The girls' high jump final also ended with a win by the favourite. And it was also a Ukrainian, Yaroslava Mahuchikh. Entering the competition as world U18 leader with 1.90m to her name this year, she went even better with 1.92m to equal the championship record.
Only two girls were left in the competition by the time the bar reached 1.85m, Mahuchikh and the Pole Martyna Lewandowska. The Ukrainian cleared that height on her first attempt, while the Pole failed, forcing her to pass her remaining attempts to 1.87m. That height was once again cleared by Mahuchikh on her first try, which effectively ended the final, as Lewandowska was unable to clear.
Mahuchikh then ordered the bar set at 1.92m, which she proceeded to clear again, this time on the second attempt. There was no more jumping for the Ukrainian, who nonetheless took the gold by a full 10 centimetres, the biggest margin in the history of the championships.
Lewandowska was the silver medal winner with 1.82m, while 1.79m sufficed for Lavinja Jurgens to take the bronze for Germany as she beat Turkey's Rumeysa Okdem and Germany's Bianca Stichling on countback.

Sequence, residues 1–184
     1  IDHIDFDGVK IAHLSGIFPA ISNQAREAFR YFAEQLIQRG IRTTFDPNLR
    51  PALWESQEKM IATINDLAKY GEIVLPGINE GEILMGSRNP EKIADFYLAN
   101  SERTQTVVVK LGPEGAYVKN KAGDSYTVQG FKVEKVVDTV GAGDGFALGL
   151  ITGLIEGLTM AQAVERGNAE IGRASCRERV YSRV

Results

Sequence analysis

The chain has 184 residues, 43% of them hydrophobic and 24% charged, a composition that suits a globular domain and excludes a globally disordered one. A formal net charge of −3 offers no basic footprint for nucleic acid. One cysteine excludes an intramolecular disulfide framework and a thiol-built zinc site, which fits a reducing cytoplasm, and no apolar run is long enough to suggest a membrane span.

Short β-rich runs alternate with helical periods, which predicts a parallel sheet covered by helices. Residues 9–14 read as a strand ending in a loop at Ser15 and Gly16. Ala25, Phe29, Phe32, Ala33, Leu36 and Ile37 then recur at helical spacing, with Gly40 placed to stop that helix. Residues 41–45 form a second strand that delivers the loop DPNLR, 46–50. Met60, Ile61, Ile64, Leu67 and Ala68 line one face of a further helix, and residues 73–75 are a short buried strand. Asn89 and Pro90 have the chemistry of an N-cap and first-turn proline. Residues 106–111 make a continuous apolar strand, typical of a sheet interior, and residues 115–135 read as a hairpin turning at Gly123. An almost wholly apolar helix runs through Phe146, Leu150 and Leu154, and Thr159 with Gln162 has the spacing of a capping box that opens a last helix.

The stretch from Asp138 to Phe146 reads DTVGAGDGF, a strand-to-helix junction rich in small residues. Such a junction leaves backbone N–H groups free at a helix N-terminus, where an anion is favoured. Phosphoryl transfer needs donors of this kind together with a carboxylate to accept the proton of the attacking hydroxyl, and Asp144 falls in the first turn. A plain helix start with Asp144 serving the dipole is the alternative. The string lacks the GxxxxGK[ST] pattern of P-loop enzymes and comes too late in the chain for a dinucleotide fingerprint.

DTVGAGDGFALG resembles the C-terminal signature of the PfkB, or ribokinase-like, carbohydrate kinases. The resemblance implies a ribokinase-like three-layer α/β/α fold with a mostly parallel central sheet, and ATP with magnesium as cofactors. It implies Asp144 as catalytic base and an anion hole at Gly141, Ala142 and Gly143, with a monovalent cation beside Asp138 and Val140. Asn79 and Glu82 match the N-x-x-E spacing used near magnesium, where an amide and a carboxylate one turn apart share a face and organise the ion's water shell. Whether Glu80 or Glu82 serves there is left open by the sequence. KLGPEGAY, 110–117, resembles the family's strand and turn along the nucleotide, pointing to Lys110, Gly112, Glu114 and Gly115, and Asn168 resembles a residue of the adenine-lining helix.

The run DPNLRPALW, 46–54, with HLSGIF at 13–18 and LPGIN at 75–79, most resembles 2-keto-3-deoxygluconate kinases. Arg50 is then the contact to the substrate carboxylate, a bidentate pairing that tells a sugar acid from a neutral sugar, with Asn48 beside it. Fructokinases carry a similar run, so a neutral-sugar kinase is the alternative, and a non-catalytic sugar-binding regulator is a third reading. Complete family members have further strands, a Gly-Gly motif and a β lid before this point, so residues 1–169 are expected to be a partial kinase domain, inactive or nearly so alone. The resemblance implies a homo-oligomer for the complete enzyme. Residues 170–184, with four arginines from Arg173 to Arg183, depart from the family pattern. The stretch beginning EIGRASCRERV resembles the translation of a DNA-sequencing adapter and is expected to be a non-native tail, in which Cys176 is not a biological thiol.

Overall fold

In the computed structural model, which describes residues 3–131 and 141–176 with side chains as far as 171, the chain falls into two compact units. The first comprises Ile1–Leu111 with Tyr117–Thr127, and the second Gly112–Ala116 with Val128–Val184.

Like Kenya, Jamaica and Ukraine, Cuba also took two golds in one session. In addition to Diaz, it was Silinda Morales in the girls' discus who won the title with 52.89m.
The Cuban spent most of the competition in second position behind Leia Braunagel. The German took the lead with her first-round 51.29m, while Morales, the favourite of the competition, could not improve on her opening 50.83m.
It was only in the fifth round of throwing that the Cuban released a big one, taking over first place with 51.96m. She then added nearly another metre on her sixth attempt to prove her victory was well deserved.
Braunagel remained in second with her opening effort, while Liu Quantong of China finished third with 50.10m.
In what was the only event of the evening with no medals at stake, Kenyan athletes took wins in both semi-finals of the girls' 800m. Both races turned out to be tactical affairs, with Lydia Jeruto taking the first in 2:10.47 and Jackline Wambui prevailing in the second in 2:14.18.
Pawel Jackowski for the IAAF